Aye Nako - The Blackest Eye (Cover Artwork)

Aye Nako

The Blackest Eye (2015)

Don Giovanni Records

Brooklyn's Aye Nako make it obvious upfront that they put just as much weight into personal politics as they do the heady influence of Daydream Nation. The difference between their newest EP, The Blackest Eye, and their 2013 album Unleash Yourself is that they have gotten significantly better at handling their influences. The Blackest Eye sees the band improving in songwriting, composition and lyrical effectiveness. While the band drops the overt sugar rush energy found on their debut album, their turn towards the dour doesn't necessarily make the songs any less infectious.

The members of Aye Nako revel in themes of gender issues, race and identity, all of which cast a discernible shadow over the songs on this EP. The band talked about their various backgrounds and experiences in a recent interview, some examples of which are extremely specific and far from ubiquitous. Yet the lyrics mingle between personal and poetic, never leaving the listener cold or isolated from the subject of the song.

Tracks like "Human Shield" and "Killswitch" are immediately catchy, offering off kilter melodies and oddly augmented (but effective) hooks. Other songs like "Sick Fuck" are more Sebadoh rather than Superchunk, skewing the music to match the melancholy of the lyrics. According to the previously mentioned interview, vocalist/songwriter Mars Dixon started taking testosterone since the recording of Unleash Yourself, which resulted in a whole new voice to wrap songs around. This change pairs well with the dissonant direction the instrumentals have taken, with Mars' yelp adapting to both the uptempo highs of "Human Shield" and the deep guitar screeches of the darker tracks like "White Noise."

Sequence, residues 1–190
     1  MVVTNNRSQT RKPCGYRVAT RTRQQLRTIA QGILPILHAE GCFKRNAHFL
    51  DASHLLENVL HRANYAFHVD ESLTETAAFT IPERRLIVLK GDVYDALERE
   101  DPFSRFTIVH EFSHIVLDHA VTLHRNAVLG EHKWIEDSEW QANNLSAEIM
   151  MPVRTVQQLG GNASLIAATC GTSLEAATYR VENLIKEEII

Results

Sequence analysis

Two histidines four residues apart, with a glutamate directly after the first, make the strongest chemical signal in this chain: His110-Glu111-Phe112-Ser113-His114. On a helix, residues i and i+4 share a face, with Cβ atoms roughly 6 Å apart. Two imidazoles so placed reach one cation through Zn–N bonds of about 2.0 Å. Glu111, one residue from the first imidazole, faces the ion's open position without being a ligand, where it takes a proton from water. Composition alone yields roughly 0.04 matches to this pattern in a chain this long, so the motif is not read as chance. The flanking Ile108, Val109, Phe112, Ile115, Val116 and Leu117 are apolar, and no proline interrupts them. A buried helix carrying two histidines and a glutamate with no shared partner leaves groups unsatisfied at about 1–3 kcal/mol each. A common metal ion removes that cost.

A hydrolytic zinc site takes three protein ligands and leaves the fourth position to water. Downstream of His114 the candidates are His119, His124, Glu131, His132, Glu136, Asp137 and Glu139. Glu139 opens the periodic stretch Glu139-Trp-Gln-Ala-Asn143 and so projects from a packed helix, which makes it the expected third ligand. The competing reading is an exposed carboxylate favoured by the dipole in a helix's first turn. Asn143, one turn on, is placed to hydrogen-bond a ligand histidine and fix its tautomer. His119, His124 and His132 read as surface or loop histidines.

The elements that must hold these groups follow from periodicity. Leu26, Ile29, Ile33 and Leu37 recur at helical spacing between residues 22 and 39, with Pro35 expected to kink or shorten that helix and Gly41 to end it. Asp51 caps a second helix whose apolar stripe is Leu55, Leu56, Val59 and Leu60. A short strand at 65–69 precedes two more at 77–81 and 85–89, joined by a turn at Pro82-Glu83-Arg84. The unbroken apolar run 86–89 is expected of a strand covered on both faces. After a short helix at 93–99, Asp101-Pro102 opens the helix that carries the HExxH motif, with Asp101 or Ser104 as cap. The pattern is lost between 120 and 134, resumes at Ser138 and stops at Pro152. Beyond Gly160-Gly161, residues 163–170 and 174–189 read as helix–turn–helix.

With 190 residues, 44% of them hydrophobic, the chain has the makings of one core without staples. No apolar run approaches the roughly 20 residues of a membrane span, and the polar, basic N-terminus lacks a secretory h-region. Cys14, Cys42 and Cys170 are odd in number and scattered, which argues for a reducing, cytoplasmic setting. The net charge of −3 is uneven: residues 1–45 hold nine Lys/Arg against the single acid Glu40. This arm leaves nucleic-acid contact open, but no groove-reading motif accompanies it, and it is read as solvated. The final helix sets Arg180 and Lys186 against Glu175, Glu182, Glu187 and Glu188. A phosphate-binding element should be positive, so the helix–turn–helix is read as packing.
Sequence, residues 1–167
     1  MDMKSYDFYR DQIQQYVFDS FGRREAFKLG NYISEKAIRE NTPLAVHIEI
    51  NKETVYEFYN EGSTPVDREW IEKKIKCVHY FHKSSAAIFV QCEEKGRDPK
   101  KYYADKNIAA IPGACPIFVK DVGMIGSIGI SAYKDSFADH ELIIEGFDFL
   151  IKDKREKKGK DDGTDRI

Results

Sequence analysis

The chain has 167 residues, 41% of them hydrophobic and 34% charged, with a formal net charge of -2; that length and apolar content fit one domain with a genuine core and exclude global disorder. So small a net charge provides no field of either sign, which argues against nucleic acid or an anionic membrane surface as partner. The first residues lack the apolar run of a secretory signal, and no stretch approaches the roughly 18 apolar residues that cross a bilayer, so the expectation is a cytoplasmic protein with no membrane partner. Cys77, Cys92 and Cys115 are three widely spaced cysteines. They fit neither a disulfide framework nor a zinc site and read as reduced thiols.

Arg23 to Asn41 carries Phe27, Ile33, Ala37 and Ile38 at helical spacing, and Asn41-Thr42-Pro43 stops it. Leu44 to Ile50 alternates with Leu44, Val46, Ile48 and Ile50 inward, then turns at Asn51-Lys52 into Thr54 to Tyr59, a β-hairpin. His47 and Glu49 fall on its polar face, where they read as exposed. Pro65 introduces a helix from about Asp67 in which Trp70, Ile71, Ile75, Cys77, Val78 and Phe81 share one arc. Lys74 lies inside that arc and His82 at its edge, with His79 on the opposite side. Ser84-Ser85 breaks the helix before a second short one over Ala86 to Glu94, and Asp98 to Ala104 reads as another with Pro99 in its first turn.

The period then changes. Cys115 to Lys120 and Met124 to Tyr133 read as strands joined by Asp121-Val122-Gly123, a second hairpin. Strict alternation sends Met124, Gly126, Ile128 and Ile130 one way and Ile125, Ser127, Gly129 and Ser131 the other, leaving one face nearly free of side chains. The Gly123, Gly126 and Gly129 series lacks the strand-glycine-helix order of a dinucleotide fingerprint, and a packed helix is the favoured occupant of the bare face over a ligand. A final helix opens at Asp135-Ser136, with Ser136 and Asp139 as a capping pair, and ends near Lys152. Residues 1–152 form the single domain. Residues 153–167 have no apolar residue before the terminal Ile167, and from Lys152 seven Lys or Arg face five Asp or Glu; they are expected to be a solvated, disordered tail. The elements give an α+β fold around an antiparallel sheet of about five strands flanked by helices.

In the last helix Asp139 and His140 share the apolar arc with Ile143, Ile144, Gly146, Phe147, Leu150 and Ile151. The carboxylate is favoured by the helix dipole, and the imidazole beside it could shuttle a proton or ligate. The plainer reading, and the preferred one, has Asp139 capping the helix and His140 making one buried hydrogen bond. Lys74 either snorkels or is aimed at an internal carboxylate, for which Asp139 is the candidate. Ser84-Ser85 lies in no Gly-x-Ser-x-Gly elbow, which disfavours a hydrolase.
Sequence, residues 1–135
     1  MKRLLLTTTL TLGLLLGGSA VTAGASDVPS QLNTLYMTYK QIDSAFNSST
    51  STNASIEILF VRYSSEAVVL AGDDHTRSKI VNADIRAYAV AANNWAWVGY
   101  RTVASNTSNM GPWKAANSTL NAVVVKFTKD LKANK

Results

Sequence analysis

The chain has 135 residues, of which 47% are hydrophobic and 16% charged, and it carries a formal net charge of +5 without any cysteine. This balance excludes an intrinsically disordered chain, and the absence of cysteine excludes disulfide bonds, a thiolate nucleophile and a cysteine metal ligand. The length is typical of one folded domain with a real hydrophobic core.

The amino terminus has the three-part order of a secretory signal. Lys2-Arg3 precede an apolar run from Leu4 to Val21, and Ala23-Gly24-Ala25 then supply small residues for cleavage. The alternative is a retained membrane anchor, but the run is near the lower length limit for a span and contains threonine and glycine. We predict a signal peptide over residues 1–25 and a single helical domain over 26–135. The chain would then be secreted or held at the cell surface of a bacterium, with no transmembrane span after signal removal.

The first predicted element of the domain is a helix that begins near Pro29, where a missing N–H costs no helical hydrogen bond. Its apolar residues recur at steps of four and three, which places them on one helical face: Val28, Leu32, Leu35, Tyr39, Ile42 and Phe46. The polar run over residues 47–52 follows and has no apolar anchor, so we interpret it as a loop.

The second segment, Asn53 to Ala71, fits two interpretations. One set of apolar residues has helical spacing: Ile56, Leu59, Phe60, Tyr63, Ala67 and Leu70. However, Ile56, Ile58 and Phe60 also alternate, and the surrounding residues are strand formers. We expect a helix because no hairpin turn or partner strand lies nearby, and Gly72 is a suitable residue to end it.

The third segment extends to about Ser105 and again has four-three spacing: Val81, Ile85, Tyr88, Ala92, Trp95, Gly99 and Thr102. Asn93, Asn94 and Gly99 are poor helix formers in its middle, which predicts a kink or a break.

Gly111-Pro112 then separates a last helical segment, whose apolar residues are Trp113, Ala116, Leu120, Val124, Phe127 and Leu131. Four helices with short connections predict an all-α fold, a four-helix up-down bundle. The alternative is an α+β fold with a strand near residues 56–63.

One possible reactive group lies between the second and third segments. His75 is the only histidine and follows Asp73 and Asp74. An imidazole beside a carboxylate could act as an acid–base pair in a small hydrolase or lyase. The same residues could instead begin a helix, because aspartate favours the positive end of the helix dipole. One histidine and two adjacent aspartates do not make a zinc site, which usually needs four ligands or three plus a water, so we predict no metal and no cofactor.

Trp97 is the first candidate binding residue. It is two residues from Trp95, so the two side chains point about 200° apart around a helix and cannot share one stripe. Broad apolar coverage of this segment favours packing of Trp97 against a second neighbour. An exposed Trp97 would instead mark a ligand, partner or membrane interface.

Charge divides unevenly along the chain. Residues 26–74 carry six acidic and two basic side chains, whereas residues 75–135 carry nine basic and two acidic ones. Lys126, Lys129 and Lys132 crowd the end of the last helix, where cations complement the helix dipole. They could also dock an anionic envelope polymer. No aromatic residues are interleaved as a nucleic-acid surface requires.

On this EP, Aye Nako sounds very much like a band in transition. Yet, differentiating itself from some other transitional works, The Blackest Eye offers fully formed glimpses of a genuinely exciting path. The new sound doesn't come without it's share of awkward missteps, however. The driving melody of "Worms" seems stilted and forced, while closing track "Sick Fuck" loses steam during its five and half minute running time. Yet, it's hard to begrudge a band for faltering a bit when taking a step in a different direction. It's especially hard when the positive strides outweigh the growing pains as they do here.